Blogs > Elm City to Eagleville

A blog on UConn women's basketball.

Thursday, April 14, 2016

A historic night at WNBA Draft

Breanna Stewart stopped answering a question in mid sentence and slammed her fist onto the table when he was informed that Morgan Tuck was indeed the third pick in the WNBA Draft. Moriah Jefferson, taken second overall just a few minutes earlier, also had a rather exuberant reaction to the news.

The historic achievement of being the first teammates to be taken with the top three picks in a pro draft was special but more than anything else, the three former teammates were incredibly excited at the situations they are all walking into.

Stewart joins Sue Bird (now her teammate in Seattle), Diana Taurasi, Tina Charles and Maya Moore as the UConn players selected No. 1 overall in the WNBA Draft. Jefferson, the first Texas native to play for the Huskies, is returning home to suit up for San Antonio and Tuck was one of five draftees joining an already young nucleus for the Connecticut Sun.

"I have to wonder if it was actually real," Stewart said  "I woke up this morning and my thought (was similar to) when we won the national championship 'wow, I am getting drafted today.' That is a childhood dream and it just came true.

"We've been waiting here, we've been up since 6:30 this morning  and we want to know what is going to happen. I think to have Mo to my left, Morgan (around)  the corner from me and just to be able to look at them, embrace them as I was walking to the podium, that just shows the kind of group we are, we care about each other and how each other are doing."

Jefferson figured she was in a win-win situation as she would either be suiting up in her native Texas or in the state that has become her home away from home these last four years.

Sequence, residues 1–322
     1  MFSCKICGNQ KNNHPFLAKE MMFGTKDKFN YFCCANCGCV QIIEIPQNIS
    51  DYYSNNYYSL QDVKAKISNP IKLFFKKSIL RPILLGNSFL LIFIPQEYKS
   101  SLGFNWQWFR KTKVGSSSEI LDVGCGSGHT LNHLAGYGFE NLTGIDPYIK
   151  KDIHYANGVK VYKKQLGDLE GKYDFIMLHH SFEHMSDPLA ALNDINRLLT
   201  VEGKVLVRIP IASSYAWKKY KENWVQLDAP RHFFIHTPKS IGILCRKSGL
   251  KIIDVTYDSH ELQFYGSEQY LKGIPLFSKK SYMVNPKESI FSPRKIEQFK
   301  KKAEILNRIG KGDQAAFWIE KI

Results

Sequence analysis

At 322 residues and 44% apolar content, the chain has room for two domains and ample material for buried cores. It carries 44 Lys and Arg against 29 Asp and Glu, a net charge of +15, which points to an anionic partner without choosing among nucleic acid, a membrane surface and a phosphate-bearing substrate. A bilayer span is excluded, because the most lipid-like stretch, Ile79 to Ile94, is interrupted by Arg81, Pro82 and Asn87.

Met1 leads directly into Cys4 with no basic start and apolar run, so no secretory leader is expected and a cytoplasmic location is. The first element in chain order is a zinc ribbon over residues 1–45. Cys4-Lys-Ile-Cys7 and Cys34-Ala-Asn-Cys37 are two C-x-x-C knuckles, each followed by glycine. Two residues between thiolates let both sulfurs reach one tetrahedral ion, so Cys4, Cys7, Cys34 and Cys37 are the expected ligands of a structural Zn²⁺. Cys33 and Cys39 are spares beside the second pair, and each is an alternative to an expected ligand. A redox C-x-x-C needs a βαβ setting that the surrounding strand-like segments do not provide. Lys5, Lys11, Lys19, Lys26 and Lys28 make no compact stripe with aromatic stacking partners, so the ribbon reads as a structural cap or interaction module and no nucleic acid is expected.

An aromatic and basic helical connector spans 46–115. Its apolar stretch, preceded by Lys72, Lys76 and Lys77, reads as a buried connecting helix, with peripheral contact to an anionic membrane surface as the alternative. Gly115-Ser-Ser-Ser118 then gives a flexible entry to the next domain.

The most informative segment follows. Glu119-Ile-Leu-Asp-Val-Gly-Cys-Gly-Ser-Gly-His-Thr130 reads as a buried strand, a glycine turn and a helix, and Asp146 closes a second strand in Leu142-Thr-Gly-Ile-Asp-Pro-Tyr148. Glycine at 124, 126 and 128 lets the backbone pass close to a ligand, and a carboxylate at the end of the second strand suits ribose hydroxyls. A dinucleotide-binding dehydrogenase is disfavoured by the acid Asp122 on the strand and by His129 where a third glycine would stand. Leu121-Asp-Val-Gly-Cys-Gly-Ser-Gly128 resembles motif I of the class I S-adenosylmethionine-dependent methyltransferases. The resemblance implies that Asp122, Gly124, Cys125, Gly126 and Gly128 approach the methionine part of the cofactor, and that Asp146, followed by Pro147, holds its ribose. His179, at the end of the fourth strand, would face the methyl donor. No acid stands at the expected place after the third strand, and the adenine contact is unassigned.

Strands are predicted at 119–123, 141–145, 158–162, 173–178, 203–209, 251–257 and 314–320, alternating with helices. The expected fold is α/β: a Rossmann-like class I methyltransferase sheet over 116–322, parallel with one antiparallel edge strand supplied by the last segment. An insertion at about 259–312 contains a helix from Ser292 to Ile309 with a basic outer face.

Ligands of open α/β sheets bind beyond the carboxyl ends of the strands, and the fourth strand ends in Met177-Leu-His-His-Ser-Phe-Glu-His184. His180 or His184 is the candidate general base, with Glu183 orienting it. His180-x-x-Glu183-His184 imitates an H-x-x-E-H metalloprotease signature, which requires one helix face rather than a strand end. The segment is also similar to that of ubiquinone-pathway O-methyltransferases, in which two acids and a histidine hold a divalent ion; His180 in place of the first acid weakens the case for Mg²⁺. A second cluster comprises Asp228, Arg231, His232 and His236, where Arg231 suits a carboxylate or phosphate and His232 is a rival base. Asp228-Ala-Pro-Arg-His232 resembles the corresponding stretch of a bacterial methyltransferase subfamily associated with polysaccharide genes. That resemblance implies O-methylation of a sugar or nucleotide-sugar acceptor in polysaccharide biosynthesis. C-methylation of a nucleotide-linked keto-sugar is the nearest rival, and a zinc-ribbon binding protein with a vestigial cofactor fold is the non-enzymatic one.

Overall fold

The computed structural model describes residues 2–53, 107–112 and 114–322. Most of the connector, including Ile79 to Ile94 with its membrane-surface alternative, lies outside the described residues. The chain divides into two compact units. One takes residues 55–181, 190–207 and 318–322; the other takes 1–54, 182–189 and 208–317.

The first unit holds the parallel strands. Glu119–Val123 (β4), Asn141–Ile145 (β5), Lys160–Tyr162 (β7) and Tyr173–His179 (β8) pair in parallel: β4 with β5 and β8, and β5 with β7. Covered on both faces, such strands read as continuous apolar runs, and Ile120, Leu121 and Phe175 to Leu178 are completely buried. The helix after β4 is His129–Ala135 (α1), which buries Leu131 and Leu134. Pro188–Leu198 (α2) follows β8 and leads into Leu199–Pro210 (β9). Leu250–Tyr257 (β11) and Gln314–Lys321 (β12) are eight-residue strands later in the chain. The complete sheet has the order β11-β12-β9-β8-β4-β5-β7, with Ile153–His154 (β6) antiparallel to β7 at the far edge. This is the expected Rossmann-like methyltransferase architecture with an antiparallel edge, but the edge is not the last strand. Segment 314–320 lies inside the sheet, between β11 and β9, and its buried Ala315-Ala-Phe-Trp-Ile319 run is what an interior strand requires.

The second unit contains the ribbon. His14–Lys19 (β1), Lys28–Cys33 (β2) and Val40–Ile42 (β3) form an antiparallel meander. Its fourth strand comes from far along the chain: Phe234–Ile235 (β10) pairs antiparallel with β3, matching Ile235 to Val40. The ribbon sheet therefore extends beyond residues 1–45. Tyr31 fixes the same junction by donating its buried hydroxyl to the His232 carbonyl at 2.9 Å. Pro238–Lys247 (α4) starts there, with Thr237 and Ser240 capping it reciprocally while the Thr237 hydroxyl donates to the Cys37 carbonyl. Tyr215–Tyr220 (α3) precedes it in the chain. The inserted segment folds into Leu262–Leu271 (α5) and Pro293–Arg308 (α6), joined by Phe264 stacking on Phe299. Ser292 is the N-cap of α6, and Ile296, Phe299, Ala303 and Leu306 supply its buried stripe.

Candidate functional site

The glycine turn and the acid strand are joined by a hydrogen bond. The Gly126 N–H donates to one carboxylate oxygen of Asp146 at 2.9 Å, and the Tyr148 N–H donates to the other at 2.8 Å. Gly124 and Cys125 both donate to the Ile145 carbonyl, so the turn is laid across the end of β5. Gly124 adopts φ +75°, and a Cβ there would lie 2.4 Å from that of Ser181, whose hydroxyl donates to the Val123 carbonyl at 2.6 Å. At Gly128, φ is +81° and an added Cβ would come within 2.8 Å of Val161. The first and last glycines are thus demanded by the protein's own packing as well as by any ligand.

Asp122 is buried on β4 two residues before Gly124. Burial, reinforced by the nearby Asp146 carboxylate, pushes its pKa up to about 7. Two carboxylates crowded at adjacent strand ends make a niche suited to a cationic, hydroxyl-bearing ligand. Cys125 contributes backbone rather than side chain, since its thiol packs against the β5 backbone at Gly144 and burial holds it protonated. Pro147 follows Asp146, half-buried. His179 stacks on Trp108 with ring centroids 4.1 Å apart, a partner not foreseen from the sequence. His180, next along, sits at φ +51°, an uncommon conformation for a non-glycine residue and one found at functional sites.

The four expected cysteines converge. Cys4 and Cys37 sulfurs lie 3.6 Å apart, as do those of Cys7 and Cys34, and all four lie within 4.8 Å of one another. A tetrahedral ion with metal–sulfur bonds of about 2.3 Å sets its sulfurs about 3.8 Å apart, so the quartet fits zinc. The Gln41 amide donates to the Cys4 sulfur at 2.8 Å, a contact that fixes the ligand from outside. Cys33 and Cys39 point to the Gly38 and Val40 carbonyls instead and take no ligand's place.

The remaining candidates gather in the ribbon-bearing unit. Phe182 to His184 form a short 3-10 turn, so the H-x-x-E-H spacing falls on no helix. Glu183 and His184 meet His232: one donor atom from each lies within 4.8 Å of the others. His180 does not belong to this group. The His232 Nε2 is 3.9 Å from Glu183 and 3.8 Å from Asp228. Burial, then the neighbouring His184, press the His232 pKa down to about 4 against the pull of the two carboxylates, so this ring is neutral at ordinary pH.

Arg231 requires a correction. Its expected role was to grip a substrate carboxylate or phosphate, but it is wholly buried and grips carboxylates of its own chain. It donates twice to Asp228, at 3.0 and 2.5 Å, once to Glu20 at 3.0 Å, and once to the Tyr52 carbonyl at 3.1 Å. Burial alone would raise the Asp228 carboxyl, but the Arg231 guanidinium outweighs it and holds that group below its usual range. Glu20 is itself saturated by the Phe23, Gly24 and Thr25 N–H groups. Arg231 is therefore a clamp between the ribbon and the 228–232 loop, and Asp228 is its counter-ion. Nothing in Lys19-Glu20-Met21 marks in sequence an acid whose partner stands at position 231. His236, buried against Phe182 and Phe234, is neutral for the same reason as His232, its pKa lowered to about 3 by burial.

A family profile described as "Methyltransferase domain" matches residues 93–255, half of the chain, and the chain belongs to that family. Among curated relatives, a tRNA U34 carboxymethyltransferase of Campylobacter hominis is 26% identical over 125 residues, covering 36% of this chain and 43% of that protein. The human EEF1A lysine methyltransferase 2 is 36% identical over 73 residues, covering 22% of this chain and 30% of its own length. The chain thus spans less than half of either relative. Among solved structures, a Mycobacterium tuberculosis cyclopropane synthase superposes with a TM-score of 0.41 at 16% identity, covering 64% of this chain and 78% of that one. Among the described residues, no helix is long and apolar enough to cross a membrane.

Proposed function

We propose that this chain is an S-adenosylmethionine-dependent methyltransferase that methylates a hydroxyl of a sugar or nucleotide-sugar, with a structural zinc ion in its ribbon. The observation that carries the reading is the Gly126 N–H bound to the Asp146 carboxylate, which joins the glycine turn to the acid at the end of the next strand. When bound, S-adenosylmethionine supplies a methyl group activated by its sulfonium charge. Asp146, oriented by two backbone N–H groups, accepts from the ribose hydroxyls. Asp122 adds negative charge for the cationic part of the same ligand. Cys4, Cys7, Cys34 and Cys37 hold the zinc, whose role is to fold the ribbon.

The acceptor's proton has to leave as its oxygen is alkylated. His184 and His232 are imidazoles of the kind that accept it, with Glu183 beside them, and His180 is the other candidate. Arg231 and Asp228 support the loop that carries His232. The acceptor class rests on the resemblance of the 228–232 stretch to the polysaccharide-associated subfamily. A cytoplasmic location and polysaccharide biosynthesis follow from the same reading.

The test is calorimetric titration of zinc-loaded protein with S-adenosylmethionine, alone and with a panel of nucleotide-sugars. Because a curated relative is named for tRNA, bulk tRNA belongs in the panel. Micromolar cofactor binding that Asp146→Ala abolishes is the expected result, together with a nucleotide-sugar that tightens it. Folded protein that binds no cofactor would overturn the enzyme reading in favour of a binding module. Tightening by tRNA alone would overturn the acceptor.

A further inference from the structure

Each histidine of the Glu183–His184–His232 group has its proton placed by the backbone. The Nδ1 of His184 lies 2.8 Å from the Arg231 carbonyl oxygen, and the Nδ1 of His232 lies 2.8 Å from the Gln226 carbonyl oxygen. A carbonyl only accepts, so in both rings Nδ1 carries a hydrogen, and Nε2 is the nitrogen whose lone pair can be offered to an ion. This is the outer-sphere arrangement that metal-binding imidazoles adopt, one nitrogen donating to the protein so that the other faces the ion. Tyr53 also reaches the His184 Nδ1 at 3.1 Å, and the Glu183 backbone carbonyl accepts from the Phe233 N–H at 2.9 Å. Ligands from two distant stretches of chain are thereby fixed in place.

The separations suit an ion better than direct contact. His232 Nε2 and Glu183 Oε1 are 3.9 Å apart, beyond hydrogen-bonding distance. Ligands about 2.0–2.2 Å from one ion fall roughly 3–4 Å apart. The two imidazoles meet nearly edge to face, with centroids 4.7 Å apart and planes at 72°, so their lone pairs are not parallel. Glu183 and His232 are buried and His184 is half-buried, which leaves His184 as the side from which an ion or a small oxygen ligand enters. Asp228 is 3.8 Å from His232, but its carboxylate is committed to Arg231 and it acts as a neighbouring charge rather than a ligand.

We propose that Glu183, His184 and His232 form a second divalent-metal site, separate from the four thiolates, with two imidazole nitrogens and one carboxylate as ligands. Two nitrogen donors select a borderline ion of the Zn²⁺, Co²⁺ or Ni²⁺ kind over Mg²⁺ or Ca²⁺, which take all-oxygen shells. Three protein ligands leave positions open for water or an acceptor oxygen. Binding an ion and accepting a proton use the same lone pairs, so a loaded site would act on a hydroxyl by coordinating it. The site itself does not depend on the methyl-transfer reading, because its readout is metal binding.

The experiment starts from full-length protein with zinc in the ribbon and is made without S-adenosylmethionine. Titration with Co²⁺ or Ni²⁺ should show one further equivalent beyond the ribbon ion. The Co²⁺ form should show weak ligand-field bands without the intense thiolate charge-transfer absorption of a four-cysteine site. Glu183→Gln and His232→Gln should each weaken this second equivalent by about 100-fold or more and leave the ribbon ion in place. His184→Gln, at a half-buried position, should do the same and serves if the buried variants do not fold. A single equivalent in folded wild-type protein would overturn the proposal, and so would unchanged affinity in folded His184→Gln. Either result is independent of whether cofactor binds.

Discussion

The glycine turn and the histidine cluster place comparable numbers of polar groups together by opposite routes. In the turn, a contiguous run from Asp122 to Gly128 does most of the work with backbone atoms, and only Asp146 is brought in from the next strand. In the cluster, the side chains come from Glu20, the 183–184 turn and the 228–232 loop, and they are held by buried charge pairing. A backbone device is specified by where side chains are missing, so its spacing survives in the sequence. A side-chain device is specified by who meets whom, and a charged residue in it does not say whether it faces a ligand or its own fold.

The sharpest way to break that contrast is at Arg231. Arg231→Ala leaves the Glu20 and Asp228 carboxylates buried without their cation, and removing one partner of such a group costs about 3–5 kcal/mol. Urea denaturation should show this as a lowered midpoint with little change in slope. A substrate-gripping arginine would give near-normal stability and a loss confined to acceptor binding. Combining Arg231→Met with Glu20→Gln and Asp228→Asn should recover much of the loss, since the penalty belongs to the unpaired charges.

"They asked me if I would rather go to Connecticut or come here and they are both like home now," Jefferson said. "Being here for the last four years, it was great to be able to go back home."
Jefferson joked that she would pick up the ball and throw it at Stewart the first time her former teammate blocks one of her shots and would keep her distance from Tuck since she "is going to try to knock me out too."

San Antonio coach Dan Hughes, a two-time WNBA coach of the year, attempted to put in perspective the history that transpired on Thursday night.

"It is equally as remarkable as four straight championships., it is just amazing," Hughes said. "That is the beautiful thing about Connecticut players and all three of those girls came in as freshmen, were impactful and got better every year. The escalation led to a unique time here in the WNBA with 1, 2 and 3.

"You get a Connecticut player, they do things rights whether it is on the court, there is a focus. They are supposed to win the games, how many times did they get out of the gate with a mentality that was professional with just how they did it. I started dealing with them after the season and their ability to communicate with me, I've been fortunate to have some Connecticut players and they all bear that resemblance to me, it just love that because I feel like they are ready."